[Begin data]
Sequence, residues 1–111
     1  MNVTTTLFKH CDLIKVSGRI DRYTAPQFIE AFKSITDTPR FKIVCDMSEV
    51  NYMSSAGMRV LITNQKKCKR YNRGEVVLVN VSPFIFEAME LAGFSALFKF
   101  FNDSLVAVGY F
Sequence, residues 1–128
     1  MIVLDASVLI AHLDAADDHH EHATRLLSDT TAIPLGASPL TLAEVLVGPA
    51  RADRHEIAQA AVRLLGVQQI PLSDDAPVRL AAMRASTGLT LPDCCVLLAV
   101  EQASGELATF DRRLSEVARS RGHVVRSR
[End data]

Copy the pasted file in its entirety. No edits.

Sequence, residues 1–111
     1  MNVTTTLFKH CDLIKVSGRI DRYTAPQFIE AFKSITDTPR FKIVCDMSEV
    51  NYMSSAGMRV LITNQKKCKR YNRGEVVLVN VSPFIFEAME LAGFSALFKF
   101  FNDSLVAVGY F
Sequence, residues 1–128
     1  MIVLDASVLI AHLDAADDHH EHATRLLSDT TAIPLGASPL TLAEVLVGPA
    51  RADRHEIAQA AVRLLGVQQI PLSDDAPVRL AAMRASTGLT LPDCCVLLAV
   101  EQASGELATF DRRLSEVARS RGHVVRSR